A third of South Africa can be dumped into darkness – report

Eskom has plans to cut off a third of municipalities in South Africa because they are not adhering to the conditions of their supply contracts.

This is according to Rapport, which quoted the National Energy Regulator of South Africa (NERSA).

Rapport said the breach of contracts which municipalities are guilty of included non-payment and exceeding the maximum electricity demand they agreed on.

Charles Hlebela, head of communications and stakeholder management at NERSA, confirmed a list of 92 municipalities whose power are set to be cut to Rapport.

Hlebela said NERSA is currently setting up tribunals to investigate the issue for each of the municipalities in the list.

He was, however, not willing to disclose which of the country’s 278 municipalities Eskom are planning to disconnect.

MyBroadband asked Eskom for feedback about its plans, but the company did not respond by the time of publication.

Cutting power to municipalities

Eskom’s plan to cut off municipalities for breach of contract, especially for non-payment, should not come as a surprise.

Eskom has previously highlighted that the Electricity Regulation Act of 2006 entitles it to interrupt electricity supply to non-paying customers.

Last month the Johannesburg High Court confirmed Eskom’s right to cut off delinquent municipalities in a landmark ruling.

In this case Pioneer Foods took Eskom to court, arguing that Eskom does not have the right to cut its power supply as it has paid its municipal electricity bill.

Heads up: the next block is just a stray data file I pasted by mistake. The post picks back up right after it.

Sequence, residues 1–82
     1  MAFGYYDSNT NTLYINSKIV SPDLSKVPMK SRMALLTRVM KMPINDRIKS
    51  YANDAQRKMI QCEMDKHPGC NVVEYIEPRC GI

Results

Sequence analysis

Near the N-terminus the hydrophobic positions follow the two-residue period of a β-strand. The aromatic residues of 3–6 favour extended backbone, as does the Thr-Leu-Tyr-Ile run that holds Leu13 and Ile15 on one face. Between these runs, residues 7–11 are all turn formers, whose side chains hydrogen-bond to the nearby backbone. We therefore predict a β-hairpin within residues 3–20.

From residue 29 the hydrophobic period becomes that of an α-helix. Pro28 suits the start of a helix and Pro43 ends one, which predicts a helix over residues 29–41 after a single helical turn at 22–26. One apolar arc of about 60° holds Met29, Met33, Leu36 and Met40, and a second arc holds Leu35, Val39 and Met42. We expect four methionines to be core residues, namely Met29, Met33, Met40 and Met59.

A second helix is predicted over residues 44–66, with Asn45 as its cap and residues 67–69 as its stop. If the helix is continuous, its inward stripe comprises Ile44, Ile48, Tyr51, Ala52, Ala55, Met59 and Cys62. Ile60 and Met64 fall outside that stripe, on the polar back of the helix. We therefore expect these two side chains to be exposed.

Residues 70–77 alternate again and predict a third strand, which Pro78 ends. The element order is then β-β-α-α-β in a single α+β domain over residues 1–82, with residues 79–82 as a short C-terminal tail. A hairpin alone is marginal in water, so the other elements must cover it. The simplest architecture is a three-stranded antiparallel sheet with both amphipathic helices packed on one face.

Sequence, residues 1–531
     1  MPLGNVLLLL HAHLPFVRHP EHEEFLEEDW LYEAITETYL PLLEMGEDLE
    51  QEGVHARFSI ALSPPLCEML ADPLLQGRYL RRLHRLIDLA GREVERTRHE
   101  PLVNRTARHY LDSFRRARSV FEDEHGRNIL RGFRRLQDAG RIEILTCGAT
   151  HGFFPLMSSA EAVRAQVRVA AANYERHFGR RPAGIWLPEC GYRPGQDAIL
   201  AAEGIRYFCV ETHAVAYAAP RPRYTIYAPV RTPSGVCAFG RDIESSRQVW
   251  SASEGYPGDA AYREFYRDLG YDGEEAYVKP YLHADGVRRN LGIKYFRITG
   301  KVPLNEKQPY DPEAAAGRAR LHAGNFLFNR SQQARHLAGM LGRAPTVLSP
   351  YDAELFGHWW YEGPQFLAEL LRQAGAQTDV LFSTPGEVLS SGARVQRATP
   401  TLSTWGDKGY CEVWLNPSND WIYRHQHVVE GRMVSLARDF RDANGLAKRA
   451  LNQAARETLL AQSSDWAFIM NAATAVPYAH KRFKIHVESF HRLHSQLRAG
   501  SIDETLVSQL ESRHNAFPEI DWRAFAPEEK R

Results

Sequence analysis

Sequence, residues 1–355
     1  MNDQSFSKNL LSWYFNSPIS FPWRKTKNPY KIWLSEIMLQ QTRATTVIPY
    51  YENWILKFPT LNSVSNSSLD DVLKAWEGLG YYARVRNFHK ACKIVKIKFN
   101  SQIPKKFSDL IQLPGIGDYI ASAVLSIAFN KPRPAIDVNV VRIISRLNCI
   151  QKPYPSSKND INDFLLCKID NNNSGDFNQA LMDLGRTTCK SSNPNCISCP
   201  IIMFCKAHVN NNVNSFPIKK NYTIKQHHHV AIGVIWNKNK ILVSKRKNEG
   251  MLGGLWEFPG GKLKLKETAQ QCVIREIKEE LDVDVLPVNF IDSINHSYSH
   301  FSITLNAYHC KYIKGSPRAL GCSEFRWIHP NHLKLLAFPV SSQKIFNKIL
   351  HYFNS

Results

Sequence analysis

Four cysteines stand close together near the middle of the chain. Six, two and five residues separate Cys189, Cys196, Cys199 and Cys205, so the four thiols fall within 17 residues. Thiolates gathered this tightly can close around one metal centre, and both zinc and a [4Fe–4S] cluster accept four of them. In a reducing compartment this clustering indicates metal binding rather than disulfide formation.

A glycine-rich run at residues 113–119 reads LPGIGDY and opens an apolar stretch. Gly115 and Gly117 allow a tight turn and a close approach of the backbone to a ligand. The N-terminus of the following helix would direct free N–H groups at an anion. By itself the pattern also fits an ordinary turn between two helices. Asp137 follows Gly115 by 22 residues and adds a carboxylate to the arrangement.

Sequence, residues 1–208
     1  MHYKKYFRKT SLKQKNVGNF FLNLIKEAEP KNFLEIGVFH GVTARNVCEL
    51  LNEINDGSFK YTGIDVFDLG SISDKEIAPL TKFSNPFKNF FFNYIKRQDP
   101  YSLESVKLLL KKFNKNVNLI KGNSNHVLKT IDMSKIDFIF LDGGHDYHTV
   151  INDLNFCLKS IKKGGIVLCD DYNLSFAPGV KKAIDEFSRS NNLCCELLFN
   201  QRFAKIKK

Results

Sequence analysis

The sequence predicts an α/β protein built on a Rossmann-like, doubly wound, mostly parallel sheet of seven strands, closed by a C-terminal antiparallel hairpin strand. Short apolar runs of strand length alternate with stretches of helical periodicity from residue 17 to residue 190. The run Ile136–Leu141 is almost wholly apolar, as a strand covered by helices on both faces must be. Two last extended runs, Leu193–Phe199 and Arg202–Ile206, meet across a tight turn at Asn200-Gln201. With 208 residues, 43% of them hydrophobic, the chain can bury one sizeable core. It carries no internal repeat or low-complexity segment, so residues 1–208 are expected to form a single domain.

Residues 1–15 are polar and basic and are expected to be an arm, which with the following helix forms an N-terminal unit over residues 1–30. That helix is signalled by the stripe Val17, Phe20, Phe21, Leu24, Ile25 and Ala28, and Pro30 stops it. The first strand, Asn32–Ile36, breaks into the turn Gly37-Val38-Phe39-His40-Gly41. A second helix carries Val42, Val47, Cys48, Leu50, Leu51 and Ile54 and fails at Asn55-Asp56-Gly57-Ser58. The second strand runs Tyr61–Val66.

Eskom, in turn, said Pioneer Foods had no standing in the electricity supply agreement between Eskom and the municipality.

According to the power utility, Pioneer Foods is a customer of the municipality, and as such had no legal right to bring the case against Eskom to court.

The court ruled against Pioneer Foods, saying Eskom has the right to stop supplying municipalities and that it is an important and necessary right for its survival.

The ruling set the important legal principle that Eskom is only obliged to supply electricity to paying customers.

Eskom said it was now in a position to enhance its collective efforts from defaulting municipalities that owe the utility more than R31 billion in overdue debt.

Eskom has committed to ramping up its effort to collect the unpaid municipal debt to improve its own coffers.

It did, however, say that interruption of supply to municipalities is a last resort and only implemented after all other mechanisms have been exhausted.

Now read: Major power outages in Gauteng – Eskom explains

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A third of South Africa can be dumped into darkness – report